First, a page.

Now, let us consider the reverse process of phase transitions. If we have a melt of a crystalline polymer and the temperature is now gradually reduced, the molecular energy starts to reduce. The viscosity of the melt starts to increase and the crystallites begin to reappear. The temperature at which the crystallites occur is called the Crystallization Temperature or the Tc.
For the product designer, the Tg is one of the important factors of consideration. For a product to be flexible at room temperature, its Tg must be below room temperature, such as for elastomers. For a product to be rigid at room temperature, the Tg must be above the room temperature.
For the molder, the knowledge about the crystallization and melting temperatures is important since these dictate the processing conditions. The Tc is used to determine the mold temperature range to start and promote the crystallization of the molecules. The Tm is used to determine the melt temperature ranges. A processing datasheet does not have these as typical values but these are reflected under the processing conditions. The material manufacturer performs the analysis and uses the results as one of the many tests to recommend the processing conditions.
The Differential Scanning Calorimeter (DSC) is an instrument that is used to determine the thermal transitions in polymers. A typical graph generated by a DSC is shown below. For crystalline polymers, two scans are performed. During the first scan, the polymer is taken from a low set temperature all the way past the melting temperature, and the transitions are recorded. The sample, which is now in the molten form is then immediately quenched into liquid nitrogen. Most polymers are below the Tg at this temperature. Since the melt is amorphous and is immediately quenched, all the energy is taken away and the frozen polymer is also completely amorphous. The DSC scan is repeated. As the temperature increases, the molecules gain more and more energy, the glass transition is noticed and when the crystallization temperature is reached, the crystallites begin to form and is recorded on the graph. Crystallization temperatures are recorded on the second scan. For amorphous polymers, a second scan is not necessary.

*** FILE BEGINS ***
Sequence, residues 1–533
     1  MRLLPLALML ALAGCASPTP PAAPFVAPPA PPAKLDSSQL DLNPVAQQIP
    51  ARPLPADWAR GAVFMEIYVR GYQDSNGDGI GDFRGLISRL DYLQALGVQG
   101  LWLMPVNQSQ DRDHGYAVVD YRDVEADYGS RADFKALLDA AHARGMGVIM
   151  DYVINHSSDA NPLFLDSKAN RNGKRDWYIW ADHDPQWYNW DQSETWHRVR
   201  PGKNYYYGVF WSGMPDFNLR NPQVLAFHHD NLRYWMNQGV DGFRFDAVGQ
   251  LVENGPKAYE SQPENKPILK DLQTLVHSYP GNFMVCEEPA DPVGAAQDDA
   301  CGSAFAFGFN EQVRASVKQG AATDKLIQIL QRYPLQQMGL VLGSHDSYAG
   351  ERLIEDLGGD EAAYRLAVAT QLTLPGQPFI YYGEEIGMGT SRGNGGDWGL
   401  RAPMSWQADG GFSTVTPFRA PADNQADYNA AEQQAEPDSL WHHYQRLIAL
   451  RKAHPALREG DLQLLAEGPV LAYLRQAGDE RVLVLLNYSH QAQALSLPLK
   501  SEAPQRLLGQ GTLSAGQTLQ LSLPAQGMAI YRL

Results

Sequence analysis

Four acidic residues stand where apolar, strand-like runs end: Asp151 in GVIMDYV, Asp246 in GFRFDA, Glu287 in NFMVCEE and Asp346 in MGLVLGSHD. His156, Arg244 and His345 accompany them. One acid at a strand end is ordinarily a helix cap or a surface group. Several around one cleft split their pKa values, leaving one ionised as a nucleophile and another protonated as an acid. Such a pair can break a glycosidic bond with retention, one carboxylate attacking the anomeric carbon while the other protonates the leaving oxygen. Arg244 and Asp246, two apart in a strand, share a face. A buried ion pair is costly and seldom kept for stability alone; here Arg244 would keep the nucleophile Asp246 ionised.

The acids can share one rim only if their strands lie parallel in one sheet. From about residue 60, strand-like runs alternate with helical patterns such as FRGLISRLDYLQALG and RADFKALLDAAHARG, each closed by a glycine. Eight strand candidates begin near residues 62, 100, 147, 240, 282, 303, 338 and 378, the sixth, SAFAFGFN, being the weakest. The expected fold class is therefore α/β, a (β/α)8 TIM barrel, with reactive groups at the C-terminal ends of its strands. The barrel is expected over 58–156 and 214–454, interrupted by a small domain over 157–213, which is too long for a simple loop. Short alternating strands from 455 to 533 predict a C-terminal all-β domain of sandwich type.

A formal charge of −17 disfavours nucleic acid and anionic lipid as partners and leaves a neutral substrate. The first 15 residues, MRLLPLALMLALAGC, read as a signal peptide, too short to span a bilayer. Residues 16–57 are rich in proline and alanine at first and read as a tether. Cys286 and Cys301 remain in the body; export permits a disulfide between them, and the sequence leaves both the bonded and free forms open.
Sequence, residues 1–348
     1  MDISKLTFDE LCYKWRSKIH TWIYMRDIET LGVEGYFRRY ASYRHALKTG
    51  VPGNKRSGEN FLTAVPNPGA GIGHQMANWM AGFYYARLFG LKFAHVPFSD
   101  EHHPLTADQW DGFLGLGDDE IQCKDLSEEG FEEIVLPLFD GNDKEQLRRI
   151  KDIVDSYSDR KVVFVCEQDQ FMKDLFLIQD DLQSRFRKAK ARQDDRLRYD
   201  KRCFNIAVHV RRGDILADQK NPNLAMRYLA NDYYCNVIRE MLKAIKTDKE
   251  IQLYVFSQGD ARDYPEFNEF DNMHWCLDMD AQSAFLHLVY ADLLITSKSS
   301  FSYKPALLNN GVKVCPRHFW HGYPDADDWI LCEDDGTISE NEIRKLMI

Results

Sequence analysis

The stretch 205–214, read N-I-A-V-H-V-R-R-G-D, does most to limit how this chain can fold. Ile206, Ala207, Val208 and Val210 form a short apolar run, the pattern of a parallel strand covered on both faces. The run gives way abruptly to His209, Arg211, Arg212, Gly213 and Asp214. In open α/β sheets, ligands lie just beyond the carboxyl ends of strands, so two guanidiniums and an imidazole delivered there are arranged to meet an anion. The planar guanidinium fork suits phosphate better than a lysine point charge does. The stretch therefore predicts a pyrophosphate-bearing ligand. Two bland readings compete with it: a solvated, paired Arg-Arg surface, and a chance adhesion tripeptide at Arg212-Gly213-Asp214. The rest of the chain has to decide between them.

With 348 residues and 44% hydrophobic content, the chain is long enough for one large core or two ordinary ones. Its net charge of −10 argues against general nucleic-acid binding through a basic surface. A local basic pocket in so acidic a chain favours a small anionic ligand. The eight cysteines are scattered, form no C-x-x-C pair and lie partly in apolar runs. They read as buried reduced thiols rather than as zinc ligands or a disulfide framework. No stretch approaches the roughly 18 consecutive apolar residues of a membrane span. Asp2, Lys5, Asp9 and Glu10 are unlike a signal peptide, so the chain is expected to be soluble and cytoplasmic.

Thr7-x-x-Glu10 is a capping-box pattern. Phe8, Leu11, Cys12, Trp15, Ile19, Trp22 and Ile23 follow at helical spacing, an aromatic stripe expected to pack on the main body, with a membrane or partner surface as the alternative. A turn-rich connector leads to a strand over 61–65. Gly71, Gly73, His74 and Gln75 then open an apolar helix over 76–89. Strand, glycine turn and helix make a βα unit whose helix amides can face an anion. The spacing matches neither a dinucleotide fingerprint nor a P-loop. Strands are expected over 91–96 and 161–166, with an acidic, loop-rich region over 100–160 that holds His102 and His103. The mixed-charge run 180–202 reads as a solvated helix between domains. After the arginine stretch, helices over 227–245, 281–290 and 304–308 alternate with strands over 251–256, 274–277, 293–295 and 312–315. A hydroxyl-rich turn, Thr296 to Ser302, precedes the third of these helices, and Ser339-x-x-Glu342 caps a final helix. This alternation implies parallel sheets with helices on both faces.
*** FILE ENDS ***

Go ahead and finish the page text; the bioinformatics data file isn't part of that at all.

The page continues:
About the Author
|Suhas Kulkarni FIMMTECH||Suhas Kulkarni is the President of FIMMTECH, a consulting firm that specializes in services related to injection molding. He earned his Masters in Plastics Engineering from the University of Massachusetts, Lowell and a Bachelors in Polymer Engineering from the University of Poona, India. He has 18 years of experience as a process engineer.His main area of expertise is Scientific Processing for Injection Molding. Based on his experience, he has developed a custom software called Nautilus, that aids the complete process development routine to production release.He also teaches a plastics and molding course at the University of California, San Diego and is a contract faculty at the University of Massachusetts at Lowell.
The company website is www.fimmtech.com and Suhas can be reached at 760-525-9053.
Check out Suhas’s Free Global Resource for Injection Mold Processing at Injection Molding Online